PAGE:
Charges filed against Florida teens who recorded & taunted drowning disabled man

Charges filed against Florida teens who recorded & taunted drowning disabled man
A group of teenagers who filmed and taunted a drowning man in a lake are now facing criminal charges for not reporting his death. Authorities are also pushing for legislation that would allow them to prosecute similar cases in the future.

On Friday, the Cocoa Police Department (CPD), in conjunction with the Florida State Attorney's Office, announced they are pursuing criminal charges against the five teens under a little known Florida Statute that in short requires a person to report a death.

CPD Chief Mike Cantaloupe said the day after the police found that the teens had not broken any laws, they conducted further research with the state attorney's office, which “yielded the decision to move forward with charges under this statute.”

“It’s our belief that this law has never been enforced in a scenario like this, but we feel it could be applicable,” Cantaloupe said in a statement.

Under Florida Statute 406.12, any person who “becomes aware of the death of any person” is required to “report such death and circumstances forthwith to the district medical examiner.” Anyone who fails to report a death can be charged with a first-degree misdemeanor.

Cocoa Mayor Henry Parrish also released a statement, imploring the state attorney to “follow through and file the charges presented by the Cocoa Police Department!”

“If this case can be used as an example to draft new legislation, then I am committed to move forward to make that happen,” Parrish added.

On July 9, a group of teens in Bracco Park witnessed Jamel Dunn, 31, drowning in Bracco Pond. Rather than help him or call the authorities, they laughed and mocked him as a cell phone camera captured his slow death.

“He started to struggle and scream for help and they just laughed. They didn’t call the police. They just laughed the whole time. He was just screaming… for someone to help him,” Yvonne Martinez, spokeswoman for the Cocoa Police Department, told the Washington Post.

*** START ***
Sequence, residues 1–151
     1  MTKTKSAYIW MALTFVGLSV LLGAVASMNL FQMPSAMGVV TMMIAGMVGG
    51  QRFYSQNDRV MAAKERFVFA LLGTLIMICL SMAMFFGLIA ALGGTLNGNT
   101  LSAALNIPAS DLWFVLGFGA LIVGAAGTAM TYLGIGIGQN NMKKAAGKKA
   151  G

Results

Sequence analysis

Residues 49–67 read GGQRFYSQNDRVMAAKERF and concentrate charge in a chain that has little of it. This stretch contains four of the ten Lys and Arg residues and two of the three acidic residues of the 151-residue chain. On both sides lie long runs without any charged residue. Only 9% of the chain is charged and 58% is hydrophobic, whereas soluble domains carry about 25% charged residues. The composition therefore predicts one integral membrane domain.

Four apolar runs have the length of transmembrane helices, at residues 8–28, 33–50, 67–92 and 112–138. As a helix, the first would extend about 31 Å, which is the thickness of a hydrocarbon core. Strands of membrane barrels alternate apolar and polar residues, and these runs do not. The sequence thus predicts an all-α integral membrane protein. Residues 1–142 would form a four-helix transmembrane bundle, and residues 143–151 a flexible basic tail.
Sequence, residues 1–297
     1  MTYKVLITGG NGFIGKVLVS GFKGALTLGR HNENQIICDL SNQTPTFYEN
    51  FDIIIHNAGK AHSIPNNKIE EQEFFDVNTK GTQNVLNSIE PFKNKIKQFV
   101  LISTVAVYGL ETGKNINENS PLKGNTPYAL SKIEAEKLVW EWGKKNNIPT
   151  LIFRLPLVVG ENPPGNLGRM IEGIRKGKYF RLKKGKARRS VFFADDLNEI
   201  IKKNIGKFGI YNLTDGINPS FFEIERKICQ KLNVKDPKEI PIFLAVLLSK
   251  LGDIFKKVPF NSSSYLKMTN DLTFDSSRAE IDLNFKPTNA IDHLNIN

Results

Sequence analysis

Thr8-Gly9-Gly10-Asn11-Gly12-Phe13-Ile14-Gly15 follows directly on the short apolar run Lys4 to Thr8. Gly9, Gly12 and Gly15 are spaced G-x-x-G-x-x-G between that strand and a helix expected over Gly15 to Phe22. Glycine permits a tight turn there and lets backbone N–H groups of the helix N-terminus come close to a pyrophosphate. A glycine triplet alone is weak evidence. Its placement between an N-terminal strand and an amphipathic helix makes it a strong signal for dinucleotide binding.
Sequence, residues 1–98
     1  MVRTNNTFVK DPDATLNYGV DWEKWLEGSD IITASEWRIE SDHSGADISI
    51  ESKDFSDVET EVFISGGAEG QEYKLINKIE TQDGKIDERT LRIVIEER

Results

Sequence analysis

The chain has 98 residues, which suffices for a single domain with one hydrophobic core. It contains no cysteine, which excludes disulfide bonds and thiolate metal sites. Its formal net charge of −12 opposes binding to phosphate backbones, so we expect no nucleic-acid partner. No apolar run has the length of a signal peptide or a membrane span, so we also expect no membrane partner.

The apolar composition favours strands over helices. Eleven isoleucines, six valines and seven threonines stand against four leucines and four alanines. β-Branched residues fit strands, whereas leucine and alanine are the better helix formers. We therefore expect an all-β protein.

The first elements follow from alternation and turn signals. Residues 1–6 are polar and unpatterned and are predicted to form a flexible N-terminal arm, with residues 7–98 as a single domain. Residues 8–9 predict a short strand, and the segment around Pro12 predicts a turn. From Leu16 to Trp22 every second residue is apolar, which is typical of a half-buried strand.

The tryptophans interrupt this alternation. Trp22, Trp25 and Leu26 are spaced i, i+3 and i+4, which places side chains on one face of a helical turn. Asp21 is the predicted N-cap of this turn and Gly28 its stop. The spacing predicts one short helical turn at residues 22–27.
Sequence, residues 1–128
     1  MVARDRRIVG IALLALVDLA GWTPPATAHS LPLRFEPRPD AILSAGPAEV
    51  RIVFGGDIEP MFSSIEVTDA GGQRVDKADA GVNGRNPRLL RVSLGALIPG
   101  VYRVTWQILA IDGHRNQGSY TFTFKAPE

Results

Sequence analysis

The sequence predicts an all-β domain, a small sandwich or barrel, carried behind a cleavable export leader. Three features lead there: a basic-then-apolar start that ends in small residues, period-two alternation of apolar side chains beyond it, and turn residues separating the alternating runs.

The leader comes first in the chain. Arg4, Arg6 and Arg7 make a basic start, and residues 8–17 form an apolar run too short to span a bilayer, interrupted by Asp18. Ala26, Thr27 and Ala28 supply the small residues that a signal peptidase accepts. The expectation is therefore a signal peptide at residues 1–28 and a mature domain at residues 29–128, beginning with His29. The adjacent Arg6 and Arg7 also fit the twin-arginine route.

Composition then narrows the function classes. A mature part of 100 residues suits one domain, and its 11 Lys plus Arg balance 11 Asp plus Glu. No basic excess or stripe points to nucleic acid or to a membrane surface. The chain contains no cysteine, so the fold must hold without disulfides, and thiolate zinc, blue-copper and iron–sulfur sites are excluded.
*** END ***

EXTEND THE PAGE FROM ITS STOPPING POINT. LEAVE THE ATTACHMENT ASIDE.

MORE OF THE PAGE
On Friday, police said a neighbor’s home security camera showed Dunn scaling a fence and going into the water “willingly and on his own.”

“Regardless of the circumstances surrounding his decision to enter the water that day, there is absolutely no justification for what the teens did,” Cantaloupe added. “Pursuing criminal charges is a way to hold them accountable for their own actions.”

Dunn's fiancée filed a missing persons report on July 12 but Dunn's “badly decomposed" remains were not discovered until July 14, five days after the teens filmed the incident.

In a media briefing Friday, Cantaloupe said the case comes down to a “moral issue.”

“It’s hard to believe that somebody could watch another human being, whether it be in distress, whether it be what happened, and not do something or at least not notify somebody that you’re trying to get help,” Cantaloupe said. “I mean, I want to think that’s a natural instinct for any of us, that if we saw somebody in trouble or somebody having an issue that we would at least try to get them help.”

Cantaloupe added he would also like to see lawmakers enact legislation that would allow them to prosecute similar cases in the future.

“I would like to something that when there is a horrific case or something of this magnitude that there would be some sort of legislation or some sort of law that would require the reporting to law enforcement or to somebody,” Cantaloupe said.

Cantaloupe did not provide the names or any other information about the teens, only saying they were between the ages of 14 and 16. He did not believe that any of them had any prior criminal record.

Cantaloupe said that when detectives brought the teens in and talked to them “there wasn’t a lot of remorse” among one or two of them. However, he said that all the parents were “very disturbed” and “overly concerned.”

Cantaloupe said charging document will be sent to the state a along with the case report and video evidence for a review and determination if the charges will be prosecuted. He added that it could take a few weeks for the state attorney to officially set the charges.

Dunn’s family set up a GoFundMe campaign to cover his funeral expenses. As of Friday afternoon, the crowdfunding page has received over $25,000 from nearly 800 people in four days.

In a Facebook post, Simone Scott, who identified herself as Dunn’s sister, said that the funds will be used to support the mothers of his two young daughters, ages 6 and 7.

She also said that some of the funds will be used to support a petition on Change.org, calling on Governor Rick Scott (R) to introduce legislation entitled "Dunn's right to Duty.” Scott said that the law would “keep his name alive and to turn something negative into something positive and prevent other senseless acts and crimes from happening.”

As of Friday, the petition has gathered more than 500 signatures so far.

“I don’t know if there’s any just outcome to this. There’s nothing that’s going to replace somebody’s life,” Cantaloupe said. “We don’t want another family to have to go through what the Dunn family has went through.”